LIBE has set up a working group to monitor the effect of emergency laws and policy within EU Member States and institutions on democracy, the rule of law and fundamental liberties. ‘Governments are taking exceptional measures, from new police powers to new health data apps, and we need to monitor these actions,’ explains in ‘t Veld.

The IBA’s Human Rights Institute (IBAHRI) highlighted in a statement in late March that Hungary’s actions are in breach of the rule of law and international standards, including the United Nations-adopted Siracusa Principles on the Limitation and Derogation Provisions in the International Covenant on Civil and Political Rights.

The IBA President, Horacio Bernardes Neto, commented: ‘The Covid-19 pandemic is a global health crisis requiring urgent domestic and international co-operation, but it must not be used as a veil to undermine basic human rights and democratic values.’

Beyond Hungary, other states have taken advantage of the fact that public gatherings pose a significant public health threat as a means to ban legitimate protest. In Algeria, for example, the government has banned street protests over fears of the virus, bringing to an end long-standing demonstrations aimed at achieving democratic reform. In Delhi, a ban on large gatherings has effectively outlawed protests against the Indian government’s controversial new citizenship rules.

Basic democratic processes may also be under threat. Many countries have had to postpone elections in light of the pandemic, including in the United States, where 15 states have suspended their primary elections.

Other elections may go ahead despite public health concerns. Poland is debating whether to hold its presidential election, scheduled to take place in May. It is proposed that – should the election go ahead – all voting will be carried out by post. Poland’s main opposition party has called for the vote to be cancelled.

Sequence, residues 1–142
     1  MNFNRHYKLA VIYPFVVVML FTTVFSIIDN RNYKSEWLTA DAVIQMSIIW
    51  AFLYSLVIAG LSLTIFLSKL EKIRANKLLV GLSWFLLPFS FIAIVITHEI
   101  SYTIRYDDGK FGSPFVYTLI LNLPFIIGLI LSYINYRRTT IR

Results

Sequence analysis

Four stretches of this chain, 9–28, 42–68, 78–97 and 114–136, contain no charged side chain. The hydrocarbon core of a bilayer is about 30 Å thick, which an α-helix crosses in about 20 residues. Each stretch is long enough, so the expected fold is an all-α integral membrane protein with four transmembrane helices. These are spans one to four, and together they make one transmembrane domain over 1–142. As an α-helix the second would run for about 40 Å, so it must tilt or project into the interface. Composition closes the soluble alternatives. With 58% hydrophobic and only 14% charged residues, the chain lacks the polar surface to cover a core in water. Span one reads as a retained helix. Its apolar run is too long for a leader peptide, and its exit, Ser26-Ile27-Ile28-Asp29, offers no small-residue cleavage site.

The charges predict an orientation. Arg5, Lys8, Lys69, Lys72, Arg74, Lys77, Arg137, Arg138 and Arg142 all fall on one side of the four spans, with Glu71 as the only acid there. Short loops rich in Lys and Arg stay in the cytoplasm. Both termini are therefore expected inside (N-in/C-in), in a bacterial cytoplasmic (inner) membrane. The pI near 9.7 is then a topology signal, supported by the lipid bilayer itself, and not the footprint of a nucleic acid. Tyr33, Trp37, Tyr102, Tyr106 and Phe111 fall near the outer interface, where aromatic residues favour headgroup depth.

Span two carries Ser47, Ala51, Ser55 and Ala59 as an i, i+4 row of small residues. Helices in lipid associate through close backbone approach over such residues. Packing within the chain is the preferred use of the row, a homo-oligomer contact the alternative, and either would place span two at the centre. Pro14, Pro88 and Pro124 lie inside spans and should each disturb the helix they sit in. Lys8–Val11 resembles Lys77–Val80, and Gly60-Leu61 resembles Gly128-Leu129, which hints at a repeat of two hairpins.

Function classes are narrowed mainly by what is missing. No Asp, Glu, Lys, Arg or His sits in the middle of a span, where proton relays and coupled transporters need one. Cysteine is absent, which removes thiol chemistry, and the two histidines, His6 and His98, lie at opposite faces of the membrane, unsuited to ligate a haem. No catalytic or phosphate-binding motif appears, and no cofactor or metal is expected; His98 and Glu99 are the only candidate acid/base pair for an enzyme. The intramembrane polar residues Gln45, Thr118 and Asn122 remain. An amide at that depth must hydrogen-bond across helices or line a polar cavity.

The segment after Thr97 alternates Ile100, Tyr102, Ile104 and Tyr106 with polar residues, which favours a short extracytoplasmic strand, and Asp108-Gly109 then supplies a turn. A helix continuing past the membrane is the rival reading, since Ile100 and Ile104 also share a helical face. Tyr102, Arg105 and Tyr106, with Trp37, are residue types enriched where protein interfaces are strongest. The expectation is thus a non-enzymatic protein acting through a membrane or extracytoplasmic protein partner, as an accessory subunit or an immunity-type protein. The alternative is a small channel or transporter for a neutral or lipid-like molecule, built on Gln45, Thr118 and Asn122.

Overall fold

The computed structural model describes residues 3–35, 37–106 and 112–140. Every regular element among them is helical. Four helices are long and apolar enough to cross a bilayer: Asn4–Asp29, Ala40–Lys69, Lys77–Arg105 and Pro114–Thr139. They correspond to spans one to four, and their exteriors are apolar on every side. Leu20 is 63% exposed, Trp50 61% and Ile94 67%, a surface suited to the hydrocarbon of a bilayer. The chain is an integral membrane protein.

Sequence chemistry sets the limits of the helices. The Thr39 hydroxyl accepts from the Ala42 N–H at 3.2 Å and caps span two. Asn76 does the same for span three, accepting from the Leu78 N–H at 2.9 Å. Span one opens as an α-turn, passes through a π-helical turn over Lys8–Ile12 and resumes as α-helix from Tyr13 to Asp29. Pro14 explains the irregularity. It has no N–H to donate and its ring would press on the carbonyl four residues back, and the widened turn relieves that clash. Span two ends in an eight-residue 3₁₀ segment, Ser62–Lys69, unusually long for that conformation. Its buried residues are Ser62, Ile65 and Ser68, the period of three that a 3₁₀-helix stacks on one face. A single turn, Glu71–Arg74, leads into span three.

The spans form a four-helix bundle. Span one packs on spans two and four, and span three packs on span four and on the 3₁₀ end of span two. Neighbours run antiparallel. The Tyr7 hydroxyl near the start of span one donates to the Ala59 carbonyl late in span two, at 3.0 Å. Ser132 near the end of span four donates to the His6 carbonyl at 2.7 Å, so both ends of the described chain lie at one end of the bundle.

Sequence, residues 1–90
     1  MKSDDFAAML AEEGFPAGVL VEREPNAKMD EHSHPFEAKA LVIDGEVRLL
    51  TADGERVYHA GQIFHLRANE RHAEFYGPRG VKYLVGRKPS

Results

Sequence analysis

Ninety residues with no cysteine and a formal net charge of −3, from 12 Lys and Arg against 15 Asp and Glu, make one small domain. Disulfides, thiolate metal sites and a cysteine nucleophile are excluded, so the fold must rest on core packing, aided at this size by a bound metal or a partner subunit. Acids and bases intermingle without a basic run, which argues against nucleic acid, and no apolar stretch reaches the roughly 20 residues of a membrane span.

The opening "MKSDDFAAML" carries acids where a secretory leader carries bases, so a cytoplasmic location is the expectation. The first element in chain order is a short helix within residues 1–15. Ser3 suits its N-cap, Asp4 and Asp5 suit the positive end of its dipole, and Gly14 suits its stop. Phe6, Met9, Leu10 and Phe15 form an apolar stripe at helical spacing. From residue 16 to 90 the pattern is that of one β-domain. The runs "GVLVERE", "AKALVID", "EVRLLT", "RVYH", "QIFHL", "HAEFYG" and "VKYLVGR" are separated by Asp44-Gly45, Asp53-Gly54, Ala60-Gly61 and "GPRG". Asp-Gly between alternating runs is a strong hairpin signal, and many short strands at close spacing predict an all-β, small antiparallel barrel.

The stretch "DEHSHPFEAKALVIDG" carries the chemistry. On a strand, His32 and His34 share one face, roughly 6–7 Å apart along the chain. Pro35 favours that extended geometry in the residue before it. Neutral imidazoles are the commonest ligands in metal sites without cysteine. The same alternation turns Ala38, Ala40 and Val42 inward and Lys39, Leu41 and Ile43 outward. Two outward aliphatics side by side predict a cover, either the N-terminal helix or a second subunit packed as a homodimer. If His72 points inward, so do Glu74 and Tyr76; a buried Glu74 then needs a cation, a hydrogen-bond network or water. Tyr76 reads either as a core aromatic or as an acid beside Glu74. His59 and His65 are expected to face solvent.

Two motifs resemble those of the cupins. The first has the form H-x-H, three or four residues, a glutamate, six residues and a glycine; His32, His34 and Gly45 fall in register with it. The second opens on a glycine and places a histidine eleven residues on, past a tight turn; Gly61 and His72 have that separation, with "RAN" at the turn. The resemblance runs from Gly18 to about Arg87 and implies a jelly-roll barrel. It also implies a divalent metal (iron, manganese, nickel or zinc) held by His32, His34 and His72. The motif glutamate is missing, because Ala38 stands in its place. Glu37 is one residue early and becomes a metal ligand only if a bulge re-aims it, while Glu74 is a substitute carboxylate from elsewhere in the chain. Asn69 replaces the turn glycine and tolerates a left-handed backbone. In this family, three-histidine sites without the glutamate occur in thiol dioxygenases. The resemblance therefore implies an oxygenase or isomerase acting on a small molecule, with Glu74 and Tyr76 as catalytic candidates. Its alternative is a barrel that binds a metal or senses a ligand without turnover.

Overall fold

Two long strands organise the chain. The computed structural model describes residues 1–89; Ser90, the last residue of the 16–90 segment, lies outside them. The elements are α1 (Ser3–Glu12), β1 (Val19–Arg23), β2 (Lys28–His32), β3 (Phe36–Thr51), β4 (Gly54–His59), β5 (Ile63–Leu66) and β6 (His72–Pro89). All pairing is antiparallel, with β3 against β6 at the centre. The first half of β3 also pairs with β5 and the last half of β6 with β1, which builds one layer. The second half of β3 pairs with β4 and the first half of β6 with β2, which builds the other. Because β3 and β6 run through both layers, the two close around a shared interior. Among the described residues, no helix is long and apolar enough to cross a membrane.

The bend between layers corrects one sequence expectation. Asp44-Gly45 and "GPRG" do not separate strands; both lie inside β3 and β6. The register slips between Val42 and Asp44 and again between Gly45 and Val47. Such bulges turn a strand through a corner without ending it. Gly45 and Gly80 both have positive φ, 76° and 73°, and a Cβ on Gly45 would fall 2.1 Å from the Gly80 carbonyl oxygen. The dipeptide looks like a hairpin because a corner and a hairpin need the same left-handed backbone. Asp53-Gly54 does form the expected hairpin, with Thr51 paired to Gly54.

‘Some [countries and states] are acting perhaps more recklessly by having no change to their election schedules but not introducing any protective measures,’ says Grogan. This is ‘forcing the electorate to choose between their democratic right to vote, and the health of themselves, their family and their community.’

Governments are harnessing the language of ‘war’ to rally the public to support the drastic measures that are needed to ‘fight’ Covid-19. But this, argue Grogan and others, should not be a pretext for exceeding powers at the expense of civil liberties. ‘Democracy, rights, and the rule of law are framed as in opposition to public health, not guarantors of it,’ says Grogan. ‘We hear increasing rhetoric of “war” and “wartime” to encourage support of measures that are objectively unjustifiable in the context of Covid-19.’

Perhaps most concerning is how difficult it may prove for regimes to hand back the powers that they have given themselves. ‘There is a well-grounded fear that as governments like Hungary adopt unrestricted emergency measures to manage the crisis, many will be loath to relinquish these new powers when the crisis is over,’ says Baroness Helena Kennedy QC, Director of the IBAHRI.

‘Worldwide commitments to uphold democracy, rights and the rule of law will be irrevocably and irreparably damaged,’ believes Grogan.